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DUI arrests rise in July as alcohol-related fatalities decline

by REED PERRY
Staff Writer | August 9, 2020 1:30 AM

If you can’t overdrink at your own watering hole, where do you go?

North Idaho, apparently.

DUIs were up slightly in July compared to a year ago in Kootenai County — from 39 to 48.

“We’ve been getting a lot of out of state,” said Officer Nick Knoll, part of the Coeur d’Alene Police DUI Team. “Bars are closed [in Washington], so they’re coming here. We’re seeing more people from the Spokane area.”

Due to pandemic restrictions and voluntary shutdowns, most Spokane-area bars have closed. According to Knoll, this has resulted in an influx of bar-goers who drink above the limit and then try to drive back to Washington.

“COVID drove an interesting wrinkle in our numbers,” said Knoll, referencing a steep drop off in DUIs during the April lockdown. “But my perception from working DUIs is that they’re much easier to find. And the blood alcohol levels are pretty high.”

According to Knoll, the average BAC (Blood Alcohol Content) of DUI arrests over the last 30 days was 0.16 — or twice the legal limit. Knoll explained that “for a 200-pound male to reach that level he would have to drink eight beers in an hour, or 10 to 15 beers in a few hours.”

Knoll says drunk driving occurs at all times.

“On a typical weekend, we see 10-15 DUIs,” he said, “But it seems harder to find DUI on weekdays.”

Knoll also suspects that weekend drinkers have a plan for getting home, where weekday drinkers often go out after work or go overboard and then have to get their car home.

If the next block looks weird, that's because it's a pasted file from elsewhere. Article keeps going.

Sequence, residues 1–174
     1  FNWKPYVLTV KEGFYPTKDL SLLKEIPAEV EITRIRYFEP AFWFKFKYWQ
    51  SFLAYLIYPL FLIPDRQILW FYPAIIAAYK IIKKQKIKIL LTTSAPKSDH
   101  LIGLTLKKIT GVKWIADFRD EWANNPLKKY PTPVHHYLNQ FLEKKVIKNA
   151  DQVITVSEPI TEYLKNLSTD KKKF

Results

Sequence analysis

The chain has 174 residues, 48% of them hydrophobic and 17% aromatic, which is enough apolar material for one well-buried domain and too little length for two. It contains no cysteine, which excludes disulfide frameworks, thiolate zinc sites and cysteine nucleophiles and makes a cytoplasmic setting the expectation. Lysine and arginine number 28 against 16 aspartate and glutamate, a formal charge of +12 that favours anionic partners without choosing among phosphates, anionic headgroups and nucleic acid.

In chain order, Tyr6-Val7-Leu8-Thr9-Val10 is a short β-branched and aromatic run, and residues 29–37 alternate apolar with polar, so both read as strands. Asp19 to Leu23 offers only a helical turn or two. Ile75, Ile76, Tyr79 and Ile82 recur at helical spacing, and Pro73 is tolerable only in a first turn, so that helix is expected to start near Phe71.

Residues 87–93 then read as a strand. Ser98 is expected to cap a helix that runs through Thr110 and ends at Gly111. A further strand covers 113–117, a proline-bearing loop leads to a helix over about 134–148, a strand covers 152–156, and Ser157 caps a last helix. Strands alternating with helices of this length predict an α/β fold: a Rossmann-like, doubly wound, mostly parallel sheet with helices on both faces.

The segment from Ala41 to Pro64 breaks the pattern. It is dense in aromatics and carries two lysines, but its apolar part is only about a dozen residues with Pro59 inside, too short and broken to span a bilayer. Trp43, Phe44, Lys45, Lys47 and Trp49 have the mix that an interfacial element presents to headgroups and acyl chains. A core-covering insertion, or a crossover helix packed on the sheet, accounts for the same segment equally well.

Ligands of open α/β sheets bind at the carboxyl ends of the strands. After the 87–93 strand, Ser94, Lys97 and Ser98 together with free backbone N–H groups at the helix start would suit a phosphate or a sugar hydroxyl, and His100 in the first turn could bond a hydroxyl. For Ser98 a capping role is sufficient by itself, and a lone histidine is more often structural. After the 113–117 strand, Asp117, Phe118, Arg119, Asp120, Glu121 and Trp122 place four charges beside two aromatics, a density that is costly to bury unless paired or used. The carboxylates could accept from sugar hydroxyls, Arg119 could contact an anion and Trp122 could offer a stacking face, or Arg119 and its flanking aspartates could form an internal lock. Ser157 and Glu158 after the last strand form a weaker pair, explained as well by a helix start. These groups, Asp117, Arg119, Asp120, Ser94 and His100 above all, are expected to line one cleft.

“We do training for DUI,” Knoll explained, “and I’ve seen a pattern. We bring people in who drink and monitor their BAC. After a couple beers they feel impaired, and don’t plan on driving. But after a few more they feel like they’re fine and believe they can drive. Even smart people get impaired judgment from alcohol.”

“In my experience, there are three main kinds of DUIs,” he said, “First there are people who just don’t care about the law and often don’t even care if they get arrested. There are people who know they shouldn’t drive and are just trying to go a short distance home. And then there are people who think they are fine to drive even though they’re severely impaired.”

DUIs aren’t just alcohol-related. Many involve meth and marijuana.

“We have a significant problem with drug impaired drivers,” Knoll said. “There are impaired drivers all over the place. I was doing seat-belt stops recently in the middle of the day and stopped a lady who was drunk, high on meth, admitted to doing meth and was pregnant. It was her third DUI in two years.”

Knoll was a grant writer for the countywide DUI Task Force. He reports that in 2018, alcohol was a factor in 60 percent of all fatal crashes. Since the task force started, fatal wrecks involving alcohol have dropped to 20 percent.